This Guidance makes clear that a prohibited transaction would occur if a loan or extension of credit occurs between the trustee and the HSA. It would also be a prohibited transaction if an HSA is used as security for a loan. A prohibited transaction would result in disqualification of the HSA, distribution of the account balance, and assessment of taxes and penalties.
Qualifying Other Coverage
This Guidance clarifies that:
- On-site health clinics, or health discounts, will not disqualify an individual from being HSA-eligible, as long as the on-site health clinic or discount provides only preventive care, and certain other kinds of care, but no significant medical services. If the alternative services provide significant medical services, it would disqualify the individual from being HSA-eligible.
- So-called “mini-med” type plans that provide a fixed dollar amount for medical services, such as office visits, are HSA-disqualifying.
- A health reimbursement account can reimburse the premium for the HDHP without disqualifying the individual from being HSA-eligible.
- An employer cannot directly or indirectly reimburse expenses, other than permitted expenses, such as dental and vision benefits, below the statutory minimum deductible. The employer can, for example, through a health reimbursement arrangement (HRA) or flexible medical spending account (FSA), reimburse expenses between the statutory minimum deductible and the HDHP deductible.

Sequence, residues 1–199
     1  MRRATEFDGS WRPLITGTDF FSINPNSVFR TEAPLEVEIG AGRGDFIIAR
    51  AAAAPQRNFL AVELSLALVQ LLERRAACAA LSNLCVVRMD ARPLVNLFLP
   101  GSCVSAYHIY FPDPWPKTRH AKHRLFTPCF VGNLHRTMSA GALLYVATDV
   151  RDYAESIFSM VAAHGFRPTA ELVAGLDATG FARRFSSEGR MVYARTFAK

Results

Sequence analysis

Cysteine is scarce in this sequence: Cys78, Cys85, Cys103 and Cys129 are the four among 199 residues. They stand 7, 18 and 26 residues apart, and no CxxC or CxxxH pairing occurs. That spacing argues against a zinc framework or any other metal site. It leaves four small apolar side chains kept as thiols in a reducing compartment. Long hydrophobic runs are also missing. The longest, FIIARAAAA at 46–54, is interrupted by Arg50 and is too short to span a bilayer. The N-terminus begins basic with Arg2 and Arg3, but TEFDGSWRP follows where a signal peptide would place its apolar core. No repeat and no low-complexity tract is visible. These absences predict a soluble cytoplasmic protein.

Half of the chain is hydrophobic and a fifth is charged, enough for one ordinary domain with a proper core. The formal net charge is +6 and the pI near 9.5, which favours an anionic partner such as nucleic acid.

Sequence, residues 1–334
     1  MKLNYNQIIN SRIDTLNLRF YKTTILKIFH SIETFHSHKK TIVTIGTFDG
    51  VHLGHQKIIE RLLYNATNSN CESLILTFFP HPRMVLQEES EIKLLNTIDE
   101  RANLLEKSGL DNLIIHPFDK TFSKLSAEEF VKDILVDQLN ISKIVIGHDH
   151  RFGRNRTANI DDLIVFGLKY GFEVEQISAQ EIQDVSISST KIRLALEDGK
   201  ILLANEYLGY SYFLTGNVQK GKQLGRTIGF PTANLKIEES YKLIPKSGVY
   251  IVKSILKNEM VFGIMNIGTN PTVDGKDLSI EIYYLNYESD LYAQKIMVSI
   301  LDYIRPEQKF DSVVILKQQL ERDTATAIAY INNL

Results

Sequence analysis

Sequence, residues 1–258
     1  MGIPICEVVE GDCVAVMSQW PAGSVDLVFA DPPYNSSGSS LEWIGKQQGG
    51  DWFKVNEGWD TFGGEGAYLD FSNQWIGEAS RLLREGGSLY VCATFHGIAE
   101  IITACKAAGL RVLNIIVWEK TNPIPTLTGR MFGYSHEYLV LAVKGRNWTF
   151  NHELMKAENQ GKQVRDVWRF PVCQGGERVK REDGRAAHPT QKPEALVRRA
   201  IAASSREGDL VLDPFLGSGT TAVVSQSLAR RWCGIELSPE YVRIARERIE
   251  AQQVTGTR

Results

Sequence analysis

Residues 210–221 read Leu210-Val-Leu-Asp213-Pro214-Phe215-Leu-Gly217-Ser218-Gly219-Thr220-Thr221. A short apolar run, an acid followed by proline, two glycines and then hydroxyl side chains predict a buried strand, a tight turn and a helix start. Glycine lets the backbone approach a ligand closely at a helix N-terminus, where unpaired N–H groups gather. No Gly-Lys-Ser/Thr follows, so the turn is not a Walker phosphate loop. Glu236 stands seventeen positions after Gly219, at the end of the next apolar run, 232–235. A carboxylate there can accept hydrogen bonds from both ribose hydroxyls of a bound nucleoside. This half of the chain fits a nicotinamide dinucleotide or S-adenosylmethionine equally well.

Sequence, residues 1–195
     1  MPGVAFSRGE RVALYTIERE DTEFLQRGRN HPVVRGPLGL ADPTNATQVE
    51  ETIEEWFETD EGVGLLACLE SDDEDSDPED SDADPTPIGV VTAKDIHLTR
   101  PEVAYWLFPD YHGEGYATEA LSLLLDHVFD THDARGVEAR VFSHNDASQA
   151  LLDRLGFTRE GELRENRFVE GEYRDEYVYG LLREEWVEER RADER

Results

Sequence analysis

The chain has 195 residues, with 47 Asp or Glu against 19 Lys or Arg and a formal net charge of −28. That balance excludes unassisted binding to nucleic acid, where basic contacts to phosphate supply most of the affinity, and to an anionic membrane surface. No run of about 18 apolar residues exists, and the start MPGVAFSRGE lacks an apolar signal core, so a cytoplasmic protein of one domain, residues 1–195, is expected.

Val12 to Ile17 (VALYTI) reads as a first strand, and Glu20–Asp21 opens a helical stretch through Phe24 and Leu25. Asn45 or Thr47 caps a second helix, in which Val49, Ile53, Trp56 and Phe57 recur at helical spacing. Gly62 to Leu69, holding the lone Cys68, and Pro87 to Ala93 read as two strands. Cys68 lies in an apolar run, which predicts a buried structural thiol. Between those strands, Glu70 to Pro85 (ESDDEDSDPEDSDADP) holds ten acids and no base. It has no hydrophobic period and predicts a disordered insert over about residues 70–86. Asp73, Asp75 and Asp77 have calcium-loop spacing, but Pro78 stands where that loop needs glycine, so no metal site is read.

This Guidance clarifies that:
- If both spouses are eligible for the aged-55 catch-up contribution, each spouse’s contribution must be made to his/her own account. A spouse cannot make a catch-up contribution to the other spouse’s account.
- Medicare premium, such as for Medicare Part D, can be reimbursed from an HSA account, but only after the account holder has reached age 65. The account holder must have attained that age in order for the spouse’s Medicare premiums to be reimbursed as well, according to this Guidance.
- An employer can make a contribution anytime prior to the tax filing due date, without extensions (April 15th). If the employer contribution is made in Year 2 (January to April), but is intended as a Year 1 contribution, the employer must advise the HSA trustee, as well as the account holder, that the contribution is for Year 1. The amount would be reflected on the Year 2 Form W-2, and an adjustment would be made on the Form 8889.
The Guidance gives several examples of how premium credits can be given when an individual moves from family coverage to individual coverage. In summary, as long as it is consistent with state insurance law, premium credit can be given for actual expenses incurred, or on a per capita basis.
Annual Maximum HSA Contributions